At Tektronix, two classes of non-rotationally symmetric electrostatic lenses which lead to significant three-dimensional-field problems are currently under investigation. Extensive interactive computer programs have been developed to study these lens structures.
The first class is referred to as Klemperer lipped lenses; the accelerating quadrupole being the most important. Klemperer lenses are formed from shaped concentric cylindrical electrodes and employ two or three independent voltages. These lenses are predominantly of quadrupole type, but possess higher multipoles to correct for geometry distortion.
The second class of lenses, referred to as wafer-lenses, consists of lenses formed from spaced sequences of metal wafer electrodes with varying apertures and two planes of symmetry. Typical lenses formed in this manner include quadrupoles, octopoles, slot-lenses, stigmators and solid quadrupoles with exit field shaping.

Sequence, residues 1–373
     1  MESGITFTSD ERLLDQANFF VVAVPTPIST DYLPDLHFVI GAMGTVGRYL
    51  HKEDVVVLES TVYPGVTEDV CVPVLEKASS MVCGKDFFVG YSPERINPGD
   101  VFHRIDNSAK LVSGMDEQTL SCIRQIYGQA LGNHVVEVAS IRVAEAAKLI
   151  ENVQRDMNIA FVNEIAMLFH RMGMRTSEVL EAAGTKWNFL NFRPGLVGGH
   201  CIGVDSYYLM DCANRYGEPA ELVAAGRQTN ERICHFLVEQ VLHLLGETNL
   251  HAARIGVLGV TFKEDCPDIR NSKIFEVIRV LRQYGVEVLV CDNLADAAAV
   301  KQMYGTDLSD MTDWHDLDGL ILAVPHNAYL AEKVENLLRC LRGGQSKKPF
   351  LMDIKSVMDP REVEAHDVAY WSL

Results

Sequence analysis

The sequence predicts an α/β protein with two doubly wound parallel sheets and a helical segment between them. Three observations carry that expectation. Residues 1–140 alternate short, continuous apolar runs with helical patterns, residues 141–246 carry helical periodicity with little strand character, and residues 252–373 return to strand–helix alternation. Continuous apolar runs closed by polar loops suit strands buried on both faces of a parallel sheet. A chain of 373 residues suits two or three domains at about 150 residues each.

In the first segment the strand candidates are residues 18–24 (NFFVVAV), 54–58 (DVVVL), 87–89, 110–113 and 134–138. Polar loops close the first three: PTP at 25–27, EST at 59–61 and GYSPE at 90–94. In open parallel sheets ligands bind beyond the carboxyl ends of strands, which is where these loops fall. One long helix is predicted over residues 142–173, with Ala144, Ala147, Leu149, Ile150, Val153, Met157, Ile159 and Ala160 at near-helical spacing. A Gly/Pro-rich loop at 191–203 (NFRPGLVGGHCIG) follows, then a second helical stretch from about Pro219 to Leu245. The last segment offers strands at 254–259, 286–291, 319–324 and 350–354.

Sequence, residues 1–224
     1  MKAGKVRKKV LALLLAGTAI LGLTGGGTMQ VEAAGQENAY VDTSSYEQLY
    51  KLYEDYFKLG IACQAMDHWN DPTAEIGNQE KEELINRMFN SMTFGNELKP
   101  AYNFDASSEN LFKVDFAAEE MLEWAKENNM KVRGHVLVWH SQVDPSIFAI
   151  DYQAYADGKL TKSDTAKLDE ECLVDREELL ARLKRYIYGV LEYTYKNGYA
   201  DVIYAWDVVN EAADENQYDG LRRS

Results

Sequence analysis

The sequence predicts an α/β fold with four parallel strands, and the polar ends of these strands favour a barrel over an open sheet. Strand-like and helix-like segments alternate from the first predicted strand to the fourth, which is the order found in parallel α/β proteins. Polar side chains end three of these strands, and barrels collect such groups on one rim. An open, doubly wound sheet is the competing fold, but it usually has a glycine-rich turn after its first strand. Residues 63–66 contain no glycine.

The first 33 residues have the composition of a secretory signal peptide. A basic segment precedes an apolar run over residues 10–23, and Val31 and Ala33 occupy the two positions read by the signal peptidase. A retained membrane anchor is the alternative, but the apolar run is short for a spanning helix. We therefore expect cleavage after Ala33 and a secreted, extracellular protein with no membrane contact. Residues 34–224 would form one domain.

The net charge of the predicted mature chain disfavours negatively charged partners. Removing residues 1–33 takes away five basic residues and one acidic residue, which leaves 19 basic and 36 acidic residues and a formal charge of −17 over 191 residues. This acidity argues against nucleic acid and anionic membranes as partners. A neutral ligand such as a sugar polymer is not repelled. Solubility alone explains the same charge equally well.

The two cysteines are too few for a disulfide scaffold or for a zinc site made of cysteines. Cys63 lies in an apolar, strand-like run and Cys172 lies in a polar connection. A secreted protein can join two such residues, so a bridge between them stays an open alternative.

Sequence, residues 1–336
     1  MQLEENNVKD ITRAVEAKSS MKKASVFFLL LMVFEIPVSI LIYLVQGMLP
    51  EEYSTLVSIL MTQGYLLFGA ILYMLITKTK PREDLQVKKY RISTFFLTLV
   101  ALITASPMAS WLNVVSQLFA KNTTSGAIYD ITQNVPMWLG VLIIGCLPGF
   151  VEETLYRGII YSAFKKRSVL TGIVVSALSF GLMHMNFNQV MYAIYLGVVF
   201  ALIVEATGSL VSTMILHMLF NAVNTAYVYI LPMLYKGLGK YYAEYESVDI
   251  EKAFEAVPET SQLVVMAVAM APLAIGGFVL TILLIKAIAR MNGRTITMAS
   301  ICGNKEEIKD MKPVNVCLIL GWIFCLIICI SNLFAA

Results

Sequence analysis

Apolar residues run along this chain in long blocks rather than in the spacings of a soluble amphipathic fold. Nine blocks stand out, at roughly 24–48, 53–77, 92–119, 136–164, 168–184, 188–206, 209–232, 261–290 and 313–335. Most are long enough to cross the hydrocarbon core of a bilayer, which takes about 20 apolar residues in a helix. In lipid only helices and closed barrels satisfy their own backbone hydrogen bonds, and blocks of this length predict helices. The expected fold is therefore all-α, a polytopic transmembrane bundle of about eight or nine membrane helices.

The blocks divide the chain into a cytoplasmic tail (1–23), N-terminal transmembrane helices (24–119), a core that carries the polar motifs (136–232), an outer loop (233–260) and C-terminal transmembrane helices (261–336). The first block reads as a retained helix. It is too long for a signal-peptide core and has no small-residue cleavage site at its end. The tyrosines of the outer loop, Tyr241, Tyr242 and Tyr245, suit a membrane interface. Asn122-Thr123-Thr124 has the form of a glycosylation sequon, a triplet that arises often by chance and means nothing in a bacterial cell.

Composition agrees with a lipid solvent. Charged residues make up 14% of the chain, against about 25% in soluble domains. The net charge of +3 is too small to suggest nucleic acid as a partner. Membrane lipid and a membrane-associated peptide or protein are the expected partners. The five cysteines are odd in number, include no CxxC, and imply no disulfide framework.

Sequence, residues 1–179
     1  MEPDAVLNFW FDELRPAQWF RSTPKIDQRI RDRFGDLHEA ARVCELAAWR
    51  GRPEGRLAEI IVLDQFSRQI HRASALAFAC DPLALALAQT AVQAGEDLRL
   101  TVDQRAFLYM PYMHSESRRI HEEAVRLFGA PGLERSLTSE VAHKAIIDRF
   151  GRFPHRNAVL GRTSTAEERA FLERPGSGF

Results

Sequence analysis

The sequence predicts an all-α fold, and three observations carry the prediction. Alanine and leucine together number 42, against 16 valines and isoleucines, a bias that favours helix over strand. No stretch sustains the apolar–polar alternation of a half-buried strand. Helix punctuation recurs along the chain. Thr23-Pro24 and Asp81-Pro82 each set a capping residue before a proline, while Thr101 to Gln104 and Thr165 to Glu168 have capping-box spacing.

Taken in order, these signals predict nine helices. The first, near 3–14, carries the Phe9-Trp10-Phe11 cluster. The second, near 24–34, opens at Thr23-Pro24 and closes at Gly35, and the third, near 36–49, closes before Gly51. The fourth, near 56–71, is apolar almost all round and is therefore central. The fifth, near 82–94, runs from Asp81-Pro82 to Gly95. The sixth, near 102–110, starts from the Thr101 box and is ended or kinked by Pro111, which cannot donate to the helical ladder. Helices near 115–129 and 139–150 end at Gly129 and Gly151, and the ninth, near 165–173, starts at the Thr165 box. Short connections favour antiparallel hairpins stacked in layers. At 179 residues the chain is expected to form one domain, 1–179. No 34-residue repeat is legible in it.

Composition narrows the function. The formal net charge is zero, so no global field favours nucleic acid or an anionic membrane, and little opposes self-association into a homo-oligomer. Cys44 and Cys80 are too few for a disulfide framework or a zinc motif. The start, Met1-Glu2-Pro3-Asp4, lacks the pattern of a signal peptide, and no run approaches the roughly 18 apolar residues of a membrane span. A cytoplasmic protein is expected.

The primary method of calculation used here is three-dimensional relaxation in either a rectangular or cylindrical coordinate mesh representing one quadrant of the field. The three-dimensional relaxation is followed by multipole decomposition of the core field using Fast Fourier Trans-forms (FFTs). Numerous graphical methods are used for program diagnostics and to display lens distortions. The electrodes are described by simple shape parameters and the computer program does the complete analysis of the boundary conditions. Program setup time for a complex lens can be less than one half hour. Large fields can be segmented if necessary.
"Computer Programs for Analyzing Certain Classes of 3-D Electrostatic Fields with Two Planes of Symmetry,"
Scanning Electron Microscopy: Vol. 3
, Article 12.
Available at: https://digitalcommons.usu.edu/electron/vol3/iss1/12